What is van Arkel process

Van Arkel de Boer method

Author: Hans Lohninger

The Van Arkel de Boer process was developed in 1924 by A.E. van Arkel and J.H. de Boer developed to be able to clean metals. The principle of this process is based on the reaction of iodine with the respective metal M to be cleaned. This reaction runs from left to right at low temperature (e.g. 600 ° C), but from right to left at high temperature (e.g. 1200 ° C):

M.(n) + n/2 I.2 M.(n)I.n

Now you put the metal in question with a little iodine in a vessel with a glowing tungsten wire in the middle (similar to a light bulb (1)), and if this is heated, the corresponding gaseous iodide will form and spread in the vessel. Iodide, which comes into contact with the much hotter tungsten wire, decomposes and leads to a deposition of the metal on the tungsten wire. The released iodine migrates back into the cooler areas of the vessel and there forms metal iodide again.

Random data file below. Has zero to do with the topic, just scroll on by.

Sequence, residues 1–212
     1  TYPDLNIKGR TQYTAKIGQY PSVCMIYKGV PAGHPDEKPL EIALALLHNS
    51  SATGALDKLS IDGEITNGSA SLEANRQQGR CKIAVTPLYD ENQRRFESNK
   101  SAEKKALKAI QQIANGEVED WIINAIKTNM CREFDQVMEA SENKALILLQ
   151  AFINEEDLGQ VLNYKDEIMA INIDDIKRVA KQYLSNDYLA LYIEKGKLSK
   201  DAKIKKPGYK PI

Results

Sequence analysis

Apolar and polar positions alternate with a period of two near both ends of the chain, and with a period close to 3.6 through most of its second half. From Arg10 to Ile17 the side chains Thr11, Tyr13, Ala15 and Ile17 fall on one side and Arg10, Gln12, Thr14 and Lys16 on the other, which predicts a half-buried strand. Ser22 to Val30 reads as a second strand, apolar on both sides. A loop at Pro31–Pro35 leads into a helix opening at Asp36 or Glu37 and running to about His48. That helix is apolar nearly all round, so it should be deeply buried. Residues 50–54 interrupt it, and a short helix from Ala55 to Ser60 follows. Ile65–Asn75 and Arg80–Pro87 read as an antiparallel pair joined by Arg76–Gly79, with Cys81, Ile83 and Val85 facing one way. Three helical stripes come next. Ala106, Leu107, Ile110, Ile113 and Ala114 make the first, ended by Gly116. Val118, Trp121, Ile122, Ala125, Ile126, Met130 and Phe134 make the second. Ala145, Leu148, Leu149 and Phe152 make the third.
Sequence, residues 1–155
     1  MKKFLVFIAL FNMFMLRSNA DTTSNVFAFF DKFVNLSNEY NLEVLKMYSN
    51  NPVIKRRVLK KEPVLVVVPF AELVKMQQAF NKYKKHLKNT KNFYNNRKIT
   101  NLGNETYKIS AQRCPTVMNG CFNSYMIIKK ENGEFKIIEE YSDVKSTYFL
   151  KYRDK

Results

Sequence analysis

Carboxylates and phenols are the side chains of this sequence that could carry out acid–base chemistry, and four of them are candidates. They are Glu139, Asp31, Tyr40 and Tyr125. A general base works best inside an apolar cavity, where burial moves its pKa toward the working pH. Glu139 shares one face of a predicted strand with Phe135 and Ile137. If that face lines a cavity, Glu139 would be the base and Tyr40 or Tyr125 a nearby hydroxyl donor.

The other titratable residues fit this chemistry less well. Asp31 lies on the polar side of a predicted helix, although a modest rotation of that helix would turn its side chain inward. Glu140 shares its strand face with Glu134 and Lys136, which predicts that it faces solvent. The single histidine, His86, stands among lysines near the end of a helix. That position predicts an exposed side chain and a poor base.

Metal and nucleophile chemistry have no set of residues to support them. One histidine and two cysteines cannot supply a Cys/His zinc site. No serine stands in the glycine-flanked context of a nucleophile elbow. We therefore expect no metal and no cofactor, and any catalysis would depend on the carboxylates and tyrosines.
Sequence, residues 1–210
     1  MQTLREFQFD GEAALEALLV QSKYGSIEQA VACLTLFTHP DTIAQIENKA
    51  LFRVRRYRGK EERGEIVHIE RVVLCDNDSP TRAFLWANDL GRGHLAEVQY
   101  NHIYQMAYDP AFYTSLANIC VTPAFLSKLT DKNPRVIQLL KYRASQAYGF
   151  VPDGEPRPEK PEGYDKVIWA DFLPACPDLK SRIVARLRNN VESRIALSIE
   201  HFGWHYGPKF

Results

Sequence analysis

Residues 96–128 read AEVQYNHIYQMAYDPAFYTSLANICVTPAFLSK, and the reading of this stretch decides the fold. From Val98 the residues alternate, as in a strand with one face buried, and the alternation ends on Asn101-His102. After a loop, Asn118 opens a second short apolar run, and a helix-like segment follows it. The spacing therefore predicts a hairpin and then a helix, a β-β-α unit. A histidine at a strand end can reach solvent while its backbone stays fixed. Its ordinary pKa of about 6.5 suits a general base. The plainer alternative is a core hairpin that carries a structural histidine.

Overall, this process leads to a transport reaction in which impurities that do not form iodide (or do not deposit on the tungsten wire) remain and the cleaned metal grows on the wire.

High-purity titanium, manufactured using the Van Arkel de Boer process. The rod is approx. 14 cm long and has a diameter of around 25 mm.
Photo: Wikimedia Commons, User Alchemist-hp.
The Van Arkel de Boer process is normally carried out in a vacuum and can be used for the following elements: boron, chromium, hafnium, protactinium, rhenium, silicon, tantalum, thorium, titanium, vanadium and zirconium. The disadvantage of the process is that it can only be used for small quantities (on a kilogram scale).